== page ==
• Shipping Weight: 12.8 ounces (View shipping rates and policies)
  • Average Customer Review: 4.7 out of 5 stars  See all reviews (18 customer reviews)
  • Amazon Best Sellers Rank: #531,551 in Books (See Top 100 in Books)

More About the Author

Meg Wiviott is the author of the award winning picture book BENNO AND THE NIGHT OF BROKEN GLASS, which tells the story of Kristallnacht through the eyes of a cat. Her young adult novel-in-verse, PAPER HEARTS, based on a true story of friendship and survival in Auschwitz, is published by Margaret K. McElderry Books (Simon & Schuster). Meg holds a Masters in Education from Northwestern University and an MFA in Writing for Children & Young Adults from The Vermont College of Fine Arts. She lives in New Jersey with her husband and their ridiculously friendly cat.

Customer Reviews

Most Helpful Customer Reviews

Format: Paperback
Benno was a mottled orange and white cat who lived at Number 5 Rosenstrasse. He was curled up in the window for everyone to admire, for you see he belonged to everyone in the neighborhood. Hans the Hausmeister made sure he had a warm, cozy bed to cuddle up in at night and some "fresh milk" to soothe his tummy. If he rounded the corner past the street light he would pass Gerber's Grocery to the end of the block where Mitzi Stein's dress shop was, zig zag this way and that he would find himself at Neue Synagogue. Such was the makeup of his neighborhood, but it was his people that he tended to that he was known for.

On the Sabbath it was time to visit the Adler family in 3A. The candles were lit and young Sophie would sing before she "fed him scraps of chicken." On Sundays it was time to visit the Schmidts across the hall where Inge, Sophie's friend, "sneaked bits of schnitzel to him under the table." When the girls were off to school he would wend his way around the neighborhood to get his ears scratched, his nose rubbed or take at nap at Mitzi's. Everyone loved him, including Professor Goldfarb in 2G. Who didn't even seem to notice when he curled up on top of his papers. Such was the life of a mottled orange and white cat named Benno who lived in Berlin.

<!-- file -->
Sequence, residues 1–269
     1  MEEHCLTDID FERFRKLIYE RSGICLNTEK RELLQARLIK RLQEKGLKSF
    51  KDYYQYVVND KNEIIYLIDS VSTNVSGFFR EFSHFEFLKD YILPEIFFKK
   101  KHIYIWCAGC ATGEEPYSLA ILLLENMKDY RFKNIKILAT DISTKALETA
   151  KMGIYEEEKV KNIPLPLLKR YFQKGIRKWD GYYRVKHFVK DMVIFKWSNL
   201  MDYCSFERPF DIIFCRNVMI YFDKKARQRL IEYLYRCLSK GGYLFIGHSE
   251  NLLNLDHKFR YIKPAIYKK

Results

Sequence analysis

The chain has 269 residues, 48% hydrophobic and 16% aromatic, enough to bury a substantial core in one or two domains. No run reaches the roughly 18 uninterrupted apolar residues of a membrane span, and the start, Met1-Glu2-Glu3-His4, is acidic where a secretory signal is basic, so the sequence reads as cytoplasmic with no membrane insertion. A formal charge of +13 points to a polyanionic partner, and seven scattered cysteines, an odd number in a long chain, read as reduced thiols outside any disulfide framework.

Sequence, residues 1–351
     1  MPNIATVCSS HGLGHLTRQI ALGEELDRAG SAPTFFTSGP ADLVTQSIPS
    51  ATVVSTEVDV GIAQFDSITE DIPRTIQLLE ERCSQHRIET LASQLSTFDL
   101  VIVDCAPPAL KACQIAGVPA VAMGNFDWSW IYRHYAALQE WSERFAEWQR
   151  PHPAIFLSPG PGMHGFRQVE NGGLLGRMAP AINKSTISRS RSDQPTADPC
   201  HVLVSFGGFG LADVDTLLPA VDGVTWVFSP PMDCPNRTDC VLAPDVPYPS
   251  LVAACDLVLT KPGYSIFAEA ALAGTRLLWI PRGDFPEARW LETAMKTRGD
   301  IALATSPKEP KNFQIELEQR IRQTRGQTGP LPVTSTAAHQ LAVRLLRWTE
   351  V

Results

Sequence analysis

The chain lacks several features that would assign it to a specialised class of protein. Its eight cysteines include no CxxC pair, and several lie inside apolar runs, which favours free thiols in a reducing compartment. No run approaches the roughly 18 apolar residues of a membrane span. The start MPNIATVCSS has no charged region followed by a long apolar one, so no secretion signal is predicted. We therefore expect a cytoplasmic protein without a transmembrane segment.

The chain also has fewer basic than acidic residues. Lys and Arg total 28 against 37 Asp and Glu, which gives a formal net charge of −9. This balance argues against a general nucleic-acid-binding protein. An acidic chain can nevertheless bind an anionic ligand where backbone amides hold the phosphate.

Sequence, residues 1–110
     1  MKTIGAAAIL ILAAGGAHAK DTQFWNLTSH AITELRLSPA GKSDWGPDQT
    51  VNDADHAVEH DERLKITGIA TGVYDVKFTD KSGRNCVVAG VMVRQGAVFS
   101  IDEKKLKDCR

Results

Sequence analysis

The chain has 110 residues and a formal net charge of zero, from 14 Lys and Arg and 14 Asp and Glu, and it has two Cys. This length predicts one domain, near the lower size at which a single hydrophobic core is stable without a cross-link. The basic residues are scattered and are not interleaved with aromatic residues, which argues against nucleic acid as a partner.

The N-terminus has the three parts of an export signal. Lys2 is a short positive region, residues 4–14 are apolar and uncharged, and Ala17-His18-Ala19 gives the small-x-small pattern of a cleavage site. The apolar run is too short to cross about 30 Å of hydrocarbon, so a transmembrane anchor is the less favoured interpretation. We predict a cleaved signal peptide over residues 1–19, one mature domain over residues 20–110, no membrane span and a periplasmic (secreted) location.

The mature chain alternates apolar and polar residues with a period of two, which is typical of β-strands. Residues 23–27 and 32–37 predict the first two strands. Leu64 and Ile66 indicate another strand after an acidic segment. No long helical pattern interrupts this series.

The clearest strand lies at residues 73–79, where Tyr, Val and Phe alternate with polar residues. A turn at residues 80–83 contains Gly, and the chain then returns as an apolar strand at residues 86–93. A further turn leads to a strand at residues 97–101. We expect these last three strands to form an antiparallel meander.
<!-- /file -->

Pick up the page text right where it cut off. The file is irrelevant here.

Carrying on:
Something was wrong when those who once had time for him no longer cared or shooed him away abruptly. There were bright orange and red flames that spread eerie shadows along the brick walls of the neighborhood and lit up the night and books were added to fuel the fire. People were somehow not where they were supposed to be and faces were downcast, sad and frightened.
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2 of 2 people found the following review helpful By Sandra on June 1, 2013
Format: Paperback
Obviously, some topics are best reserved for an older audience. Thus deciding when to include the topic of the Holocaust can be a controversial. I was surprised that the librarians at my local public library chose not to place Benno and the Night of the Broken Glass in the juvenile picture book section. Instead the book was placed among the chapter books. I needed the help of a librarian to find the book.